Things I know, and things I think I know: 

There exists at least one key statistic for Nebraska football fans to keep in mind this week.

Third-year Husker coach Scott Frost is 3-9 at NU in games decided by a touchdown or less. In two games against Northwestern — this week's opponent — Frost has a three-point victory and a three-point loss.



This sets up to be another close game.

Along those lines, Nebraska athletic director Bill Moos had an interesting conversation with Frost late last week.

They talked football, specifically about Northwestern. 

Moos' respect for the Wildcats is evident.

"They're an awfully tough team, and they're going to be tough on the road," said Moos, referring to the Huskers' 11 a.m. game Saturday in Evanston, Illinois. 

Northwestern is 2-0 in the Big Ten for the first time since 2014 following Saturday's 21-20 win at Iowa, in which the Wildcats erased an early 17-point deficit. Pat Fitzgerald's team showed its characteristic rough-hewn relentlessness in digging out of the hole. Even trailing big, they stuck patiently to the ground game. Meanwhile, their defense dug in hard, allowing only 104 yards after halftime while forcing three turnovers.

They're just a rugged outfit.

Keep in mind, Northwestern was 3-9 last year (1-8, Big Ten). But the Wildcats, who hammered Maryland 43-3 in their season opener, look determined to prove 2019 was an aberration. Fitzgerald, 101-79 in 14-plus years at the school, pumped his fist and exhorted his players even when they were down 17-0. The energy on their sideline was excellent. It was an inspiring scene.

Northwestern's strengths — for instance, perimeter blocking and the team's overall physicality — often don't show up in a box score. You have to watch the Wildcats closely to appreciate them. They were impressive in their own understated way Saturday. 

Which brings us to this week. When the Big Ten released its 2020 schedule in September, plenty of Nebraska fans gasped at the sight of the first four games. Northwestern was supposed to be something of a break in the gauntlet. Based on what I saw from the Wildcats in Iowa City, it will be all the Huskers can do to come away with a win. 

Moos, though, thinks Nebraska might have gained an advantage by not playing Saturday.

"That's a fistfight, black-and-blue game," Moos said of Northwestern versus Iowa. "Now everybody's got to take Tuesday off for the election. So we've got an advantage right now on Northwestern. We've had more time to prepare. Our kids are healing up from a tough, physical game (Oct. 24 at Ohio State). 

"Hey, let's get healed up, have the right mental approach, and get after the Wildcats." 

"I'm trying to make lemonade again out of lemons," he acknowledged. "But we're going to be rested, and we have more days to prepare for them than they have to prepare for us." 

Northwestern opened as a three-point favorite, according to oddsmakers. It's about what I expected.

Fitzgerald is an excellent coach, and it appears his team's on a mission. 

Don't underestimate the importance of graduate transfer quarterback Peyton Ramsey, the former Indiana starter. He's a significant upgrade.  

Maybe Moos is right. Perhaps Nebraska's off week will turn out to be an advantage.

The Huskers could use one. 


* As you channel surf through college football games, the scenes in the cavernous Big Ten stadiums stand in stark contrast to much more normal scenes at places such as Clemson and Oklahoma State, where a limited number of fans are allowed.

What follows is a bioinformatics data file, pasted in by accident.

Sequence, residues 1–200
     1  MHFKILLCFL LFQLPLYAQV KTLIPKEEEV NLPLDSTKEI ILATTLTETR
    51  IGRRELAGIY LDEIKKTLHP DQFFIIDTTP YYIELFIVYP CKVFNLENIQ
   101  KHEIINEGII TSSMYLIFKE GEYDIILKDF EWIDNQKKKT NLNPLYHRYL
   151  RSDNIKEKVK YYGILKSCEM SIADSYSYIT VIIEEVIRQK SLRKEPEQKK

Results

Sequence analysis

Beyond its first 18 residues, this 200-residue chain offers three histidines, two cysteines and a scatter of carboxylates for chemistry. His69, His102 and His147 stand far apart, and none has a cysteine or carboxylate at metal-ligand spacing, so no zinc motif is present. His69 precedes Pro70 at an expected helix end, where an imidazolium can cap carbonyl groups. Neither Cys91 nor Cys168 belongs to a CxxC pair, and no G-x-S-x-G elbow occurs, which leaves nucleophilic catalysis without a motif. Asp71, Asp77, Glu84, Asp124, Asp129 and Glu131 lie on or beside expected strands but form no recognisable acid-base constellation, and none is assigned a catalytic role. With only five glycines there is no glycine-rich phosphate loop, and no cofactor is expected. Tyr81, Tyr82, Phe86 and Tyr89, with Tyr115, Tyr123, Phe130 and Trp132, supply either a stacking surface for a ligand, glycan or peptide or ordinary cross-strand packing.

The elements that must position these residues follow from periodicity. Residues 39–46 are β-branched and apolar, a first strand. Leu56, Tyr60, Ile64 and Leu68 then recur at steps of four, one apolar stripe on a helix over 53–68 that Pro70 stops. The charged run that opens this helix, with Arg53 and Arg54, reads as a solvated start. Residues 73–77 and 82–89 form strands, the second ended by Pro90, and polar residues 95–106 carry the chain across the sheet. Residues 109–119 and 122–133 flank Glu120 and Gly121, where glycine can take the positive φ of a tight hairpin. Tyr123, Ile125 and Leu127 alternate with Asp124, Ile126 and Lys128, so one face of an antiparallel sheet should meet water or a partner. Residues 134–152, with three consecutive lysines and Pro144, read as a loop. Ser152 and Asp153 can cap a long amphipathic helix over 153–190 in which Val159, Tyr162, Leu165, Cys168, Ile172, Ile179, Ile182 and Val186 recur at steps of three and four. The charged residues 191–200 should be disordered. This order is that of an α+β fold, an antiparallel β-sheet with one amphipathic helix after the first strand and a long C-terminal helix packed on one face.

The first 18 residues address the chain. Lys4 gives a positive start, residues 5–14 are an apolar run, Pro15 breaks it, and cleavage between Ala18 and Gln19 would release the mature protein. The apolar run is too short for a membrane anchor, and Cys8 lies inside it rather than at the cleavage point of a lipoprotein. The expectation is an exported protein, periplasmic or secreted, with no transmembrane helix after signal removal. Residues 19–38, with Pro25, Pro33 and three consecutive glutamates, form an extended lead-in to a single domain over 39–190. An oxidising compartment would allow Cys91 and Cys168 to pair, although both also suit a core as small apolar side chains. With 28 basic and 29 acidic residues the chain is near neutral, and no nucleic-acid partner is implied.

Top-ranked Clemson of the ACC drew an announced crowd of 18,690 for its narrow win against Boston College, while No. 6 Oklahoma State of the Big 12 had a turnout of 14,672 for its overtime loss to Texas. Those crowds looked bigger than that. They were enthusiastic and helped the atmospheres significantly. 

The Big Ten's leadership — which is suspect, at best — is allowing only family members of players and staff to attend games. It creates an eerie atmosphere in giant stadiums. Meanwhile, the Big Ten's fake crowd noise is disorienting, as it often reaches a crescendo well after a big play. It's just weird. 

Even so, I've been extremely impressed with the enthusiasm of Big Ten players. You see their joy and love for their sport, and the importance they place on winning. There doesn't seem to be a major drop-off in on-field intensity. It's beautiful to watch. 

Think how awful it'd be right now if there was no Big Ten football, as the conference once planned. 

Yes, it's suspect leadership, at best. 

* Given all the pandemic weirdness, Moos and his chief security man, retired New York City cop Patrick Kelly, likely won't be able to visit their favorite hot dog stop in the Big Ten. That would be Mustard's Last Stand in Evanston, where they devoured Chicago-style dogs in 2018.

They take this stuff seriously. At the end of each season, they rank the best hot dog at each conference road game. In 2019, the winner — "hands down," according to Moos — was a hot dog stand at Maryland. 

"Best brat in town," the stand worker told Moos. 

But it's hard to top Mustard's Last Stand.

"One more thing I'm missing this season!" Moos said last week. 

* Perhaps you noticed Clemson freshman defensive lineman Bryan Bresee make the game-clinching sack in Saturday's win. The 6-foot-5, 300-pounder was the nation's top-ranked recruit regardless of position in the class of 2020. 

A native of Damascus, Maryland, he'll be a household name in this country at some point soon.

Yes, that good. 

* Be careful with my predictions, especially the ones I say with a certain arrogance. For instance, I said Michigan would "roll up a big number in trouncing Michigan State."

Final: Michigan State 27, Michigan 24.

Cue up the face palm emoji.

Reach the writer at 402-473-7440 or On Twitter @HuskerExtraSip.